Lessons from the Pikler Ház

So much can happen in such a short time. 

One month ago we may have not even considered a new way of living in our own bubbles to save lives. There was a 'pandemic potential' lurking in the air but somehow we may have felt invincible. 

A month ago, Tineke and I were just about to start our training journey at the Pikler Ház in Budapest. It was a dream come true walking through the gate of the Lóczy house.

On our first day we met this petite lady in her mid 80's who sat at the front of the room, facing us all. She did not smile, nor did she talk as we waited with anticipation for the lecture to begin. She waited and watched with intention and a wee twinkle in her eyes. Somehow though she radiated an intense respect and gentleness at the same time. Her name was Anna Tardos, the daughter of Dr. Emmi Pikler and a world known child psychologist in her own right. What a surreal feeling it was to be sitting in the same room with her. She began sharing her wisdom, years of knowledge and experience with such passion that we were left in awe. She challenged us, provoked our thinking and welcomed our ideas. 

"It is all about the attitude!" she declared at the end of our first session with her. Yes, we may have heard this statement before, but the way this message filled the room, we understood that this is something that doesn't just happen. It takes effort, time and awareness of our own ego, beliefs and priorities. We are fully in charge, no-one else is. There is no-one to blame. Our attitude oozes out of us through our words, touch and even the way we move. It is as if this invisible veil is wrapped around us and people in our bubble. Let's not aim for perfection (if such concept even exists) but rather awareness and acceptance. Then we will have potential to move on in our self-growth if we choose to. 

"Never be in a hurry with your own child." Another strong concept. Well, now is our chance if it seemed impossible before this pandemic was announced, before our 'hurried' way of being was put on hold. The truth is, there is nowhere else to be. Will we adjust our pace and rhythm? What does it actually mean in reality?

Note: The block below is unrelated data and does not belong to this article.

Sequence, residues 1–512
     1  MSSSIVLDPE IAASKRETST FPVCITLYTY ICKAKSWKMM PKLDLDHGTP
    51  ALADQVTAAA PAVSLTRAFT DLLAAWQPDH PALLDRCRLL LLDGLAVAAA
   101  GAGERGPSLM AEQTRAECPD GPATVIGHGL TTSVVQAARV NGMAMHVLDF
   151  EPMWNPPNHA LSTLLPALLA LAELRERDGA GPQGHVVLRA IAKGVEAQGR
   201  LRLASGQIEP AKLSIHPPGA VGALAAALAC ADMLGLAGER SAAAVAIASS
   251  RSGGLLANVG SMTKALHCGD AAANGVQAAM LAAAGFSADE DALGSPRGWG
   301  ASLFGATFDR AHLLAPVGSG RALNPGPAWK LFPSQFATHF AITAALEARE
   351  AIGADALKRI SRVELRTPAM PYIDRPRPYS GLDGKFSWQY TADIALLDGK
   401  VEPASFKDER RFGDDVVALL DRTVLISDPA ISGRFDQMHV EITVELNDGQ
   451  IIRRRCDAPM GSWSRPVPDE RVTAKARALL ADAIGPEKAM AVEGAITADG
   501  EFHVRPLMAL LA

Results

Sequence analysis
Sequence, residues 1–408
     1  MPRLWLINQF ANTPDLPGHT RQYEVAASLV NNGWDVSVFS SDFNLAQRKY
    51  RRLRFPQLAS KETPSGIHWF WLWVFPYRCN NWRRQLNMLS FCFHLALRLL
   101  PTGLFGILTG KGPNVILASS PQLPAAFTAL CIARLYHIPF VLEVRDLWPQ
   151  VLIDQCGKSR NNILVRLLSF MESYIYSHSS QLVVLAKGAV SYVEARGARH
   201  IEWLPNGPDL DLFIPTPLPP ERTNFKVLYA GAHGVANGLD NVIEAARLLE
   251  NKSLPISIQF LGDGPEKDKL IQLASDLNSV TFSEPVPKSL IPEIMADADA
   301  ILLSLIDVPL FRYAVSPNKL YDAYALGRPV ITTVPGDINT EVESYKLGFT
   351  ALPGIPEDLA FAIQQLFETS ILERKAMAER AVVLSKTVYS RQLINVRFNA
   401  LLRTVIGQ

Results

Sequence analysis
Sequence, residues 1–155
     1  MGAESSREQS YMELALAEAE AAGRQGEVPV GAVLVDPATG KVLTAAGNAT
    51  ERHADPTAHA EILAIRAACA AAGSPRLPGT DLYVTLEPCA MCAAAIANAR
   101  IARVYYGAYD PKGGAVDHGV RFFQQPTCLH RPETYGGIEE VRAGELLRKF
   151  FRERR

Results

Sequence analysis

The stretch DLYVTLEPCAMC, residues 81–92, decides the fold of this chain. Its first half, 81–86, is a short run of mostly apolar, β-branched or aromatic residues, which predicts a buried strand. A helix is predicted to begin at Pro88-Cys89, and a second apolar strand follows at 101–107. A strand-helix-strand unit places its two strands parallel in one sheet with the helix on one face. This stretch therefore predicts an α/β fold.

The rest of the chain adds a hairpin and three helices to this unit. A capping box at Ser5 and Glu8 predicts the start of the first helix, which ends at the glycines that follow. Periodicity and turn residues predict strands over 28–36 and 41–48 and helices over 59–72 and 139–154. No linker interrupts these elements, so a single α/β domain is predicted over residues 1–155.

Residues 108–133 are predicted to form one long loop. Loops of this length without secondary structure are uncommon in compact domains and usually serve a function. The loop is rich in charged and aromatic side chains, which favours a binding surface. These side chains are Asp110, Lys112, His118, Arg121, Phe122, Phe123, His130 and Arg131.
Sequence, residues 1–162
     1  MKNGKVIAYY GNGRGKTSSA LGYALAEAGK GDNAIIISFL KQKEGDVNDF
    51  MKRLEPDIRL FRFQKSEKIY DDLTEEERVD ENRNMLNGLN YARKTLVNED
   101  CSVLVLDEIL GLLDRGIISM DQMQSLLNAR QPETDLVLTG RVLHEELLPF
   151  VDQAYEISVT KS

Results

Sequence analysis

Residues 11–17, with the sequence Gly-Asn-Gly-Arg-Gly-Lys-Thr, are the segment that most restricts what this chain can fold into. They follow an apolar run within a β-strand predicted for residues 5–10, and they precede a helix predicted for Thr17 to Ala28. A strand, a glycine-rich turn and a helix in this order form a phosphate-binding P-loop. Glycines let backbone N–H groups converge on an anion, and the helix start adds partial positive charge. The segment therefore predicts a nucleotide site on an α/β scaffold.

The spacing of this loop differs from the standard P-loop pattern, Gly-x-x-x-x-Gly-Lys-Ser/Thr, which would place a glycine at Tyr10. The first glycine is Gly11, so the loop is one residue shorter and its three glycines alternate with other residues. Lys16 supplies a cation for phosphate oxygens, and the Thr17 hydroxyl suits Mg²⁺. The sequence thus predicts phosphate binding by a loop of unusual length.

We may be realising, that being at home together without having much time to 'breathe' may be challenging, particularly for the adults. Time, patience and honest conversations may be needed. Yes, there may be added financial and emotional stresses. But how would rushing with our children and ourselves help right now, or ever?  

I'll dare to propose that we have entered our children's world where time is the most precious and most valuable currency. So how are we going to do this over the next few weeks and perhaps even longer? What memories do we want to keep about how our home felt during 'this pause'?

We have a choice. Can we allow ourselves to let go of unhelpful thoughts and fears and slow down together. To do that, we will need to be honest with our needs and our limits and learn to communicate them with the adults in our bubble. We have nowhere else to be unless we are the guardians who are on the front lines doing such important work. We could allow ourselves to just be with our own self and the loved ones. This is an unusual and unexpected time but what if we emerge out of it with a new attitude and values? This could be a gift to you, your family and humanity. 

S láskou,

Jana To